At the one year milestone of our journey, Darren writes about what he has learned so far from our around-the-world expedition. Darren shares some of the things we have witnessed to date in Part 1 of this story. Part 2 will focus on his reactions and personal growth.
Trekking the Planet is the name we gave to our 14-month around-the-world journey. We are visiting some of the most remote places on the planet with the goal of getting students curious about the world beyond their current boundaries. As we hit the one year point of our trip, Sandy and I have visited 47 countries. By the time we return home, our plan calls for us to visit another six nations, bringing the total to 53 countries on six continents. We have spent a lot of time in the developing world, in fact, comprising more that 50% of the entire journey. Our itinerary has been challenging at times, but also very rewarding because it has taken us to the fringes of civilization, where the world is currently undergoing the fastest change.
We did not approach this trip as an extended holiday. Rather, it was carefully designed to put us in contact with new landscapes and unfamiliar cultures. Some examples of places on our itinerary include the Phongsali Province of Laos, the Mustang region of Nepal, the far western portion of Uzbekistan near its border with Turkmenistan, above the Arctic Circle in Northern Sweden, the Tigray region of Ethiopia and the Amazon Rainforest in Brazil. Because we avoided flying when it was safe and practical to do so, we have often ended up in places that receive very few visitors. We spoke to locals whenever we had the chance. Sometimes we even used a guide to translate. We have taken the opportunity to stay with local families three times. To date, we have visited a total of 18 schools answering student questions and, in return, asking a few of our own.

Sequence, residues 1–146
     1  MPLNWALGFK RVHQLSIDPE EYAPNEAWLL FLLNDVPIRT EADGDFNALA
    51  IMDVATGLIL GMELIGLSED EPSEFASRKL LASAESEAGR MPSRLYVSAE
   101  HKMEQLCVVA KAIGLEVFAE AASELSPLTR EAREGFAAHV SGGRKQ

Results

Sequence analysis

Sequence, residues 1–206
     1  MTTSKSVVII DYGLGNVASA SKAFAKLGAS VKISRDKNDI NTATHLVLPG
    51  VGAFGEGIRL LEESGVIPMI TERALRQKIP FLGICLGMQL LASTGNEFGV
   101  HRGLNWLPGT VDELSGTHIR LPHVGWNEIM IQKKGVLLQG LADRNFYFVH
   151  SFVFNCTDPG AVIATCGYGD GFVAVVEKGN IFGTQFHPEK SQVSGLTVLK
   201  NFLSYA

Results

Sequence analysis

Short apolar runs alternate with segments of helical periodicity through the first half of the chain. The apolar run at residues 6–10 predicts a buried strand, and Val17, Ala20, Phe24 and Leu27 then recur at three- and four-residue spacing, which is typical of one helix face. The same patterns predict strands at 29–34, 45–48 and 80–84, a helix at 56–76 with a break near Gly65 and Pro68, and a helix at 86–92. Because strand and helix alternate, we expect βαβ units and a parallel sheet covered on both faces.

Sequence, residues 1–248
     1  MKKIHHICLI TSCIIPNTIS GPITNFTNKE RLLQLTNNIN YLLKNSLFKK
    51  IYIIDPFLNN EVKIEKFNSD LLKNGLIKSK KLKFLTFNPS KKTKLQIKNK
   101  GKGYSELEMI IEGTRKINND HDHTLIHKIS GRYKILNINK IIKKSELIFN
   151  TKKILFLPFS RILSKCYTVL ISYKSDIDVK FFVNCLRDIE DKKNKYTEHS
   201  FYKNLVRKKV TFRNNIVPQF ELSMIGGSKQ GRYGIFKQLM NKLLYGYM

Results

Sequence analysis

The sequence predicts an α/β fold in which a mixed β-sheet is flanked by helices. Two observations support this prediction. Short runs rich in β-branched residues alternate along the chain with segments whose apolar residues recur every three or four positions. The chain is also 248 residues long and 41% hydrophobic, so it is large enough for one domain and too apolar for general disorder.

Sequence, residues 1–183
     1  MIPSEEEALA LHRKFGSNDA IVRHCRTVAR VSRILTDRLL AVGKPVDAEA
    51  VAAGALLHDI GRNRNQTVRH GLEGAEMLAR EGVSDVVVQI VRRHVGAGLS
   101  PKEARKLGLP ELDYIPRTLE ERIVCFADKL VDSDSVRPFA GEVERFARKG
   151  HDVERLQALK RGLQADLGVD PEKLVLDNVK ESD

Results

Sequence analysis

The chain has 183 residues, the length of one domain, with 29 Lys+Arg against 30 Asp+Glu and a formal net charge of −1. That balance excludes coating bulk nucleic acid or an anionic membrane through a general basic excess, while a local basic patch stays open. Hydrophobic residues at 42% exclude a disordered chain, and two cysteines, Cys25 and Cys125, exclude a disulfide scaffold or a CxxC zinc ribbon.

What We have Witnessed
In the developing world, technology is changing how things are done. For example, nearly everyone in Africa has a mobile phone (or two!). So-called smart phones are still a novelty there, but this is set to change. I was surprised to see a twenty-something teacher in a remote Kenyan village with an Android-based phone that he purchased for the equivalent of US$100. He told me that he typically uses his daily allowance of Internet (50MB) before he finishes his lunch. In Kenya, you can send and receive money by SMS using a service called M-PESA. In this way, the developing world is even more advanced than the so-call first world.
There is tremendous growth in most large cities. Roads are being paved. Buildings are being built. We were not surprised to see investment in China. What did surprise us was the scale of the projects. For example, we rode on a train line from Lhasa in Tibet to Lanzhou in central China, covering 1,356 miles (or 2,188 kilometers) over 27 hours. The first half of the line was recently completed at a cost of $3.68 billion. On the way, we saw another high-speed rail line being built between Lhasa and Xigatse. In fact, this is just one of six extensions planned for the Qinghai-Tibet Railway by 2020.
We also saw much investment in the countries that surround China. Laos (rubber plantations) and Kyrgyzstan (a four-lane highway over the Torugart Pass) are just two examples. But, we also witnessed the same explosive growth in Addis Ababa in Ethiopia, where every other building, it seemed, was under construction.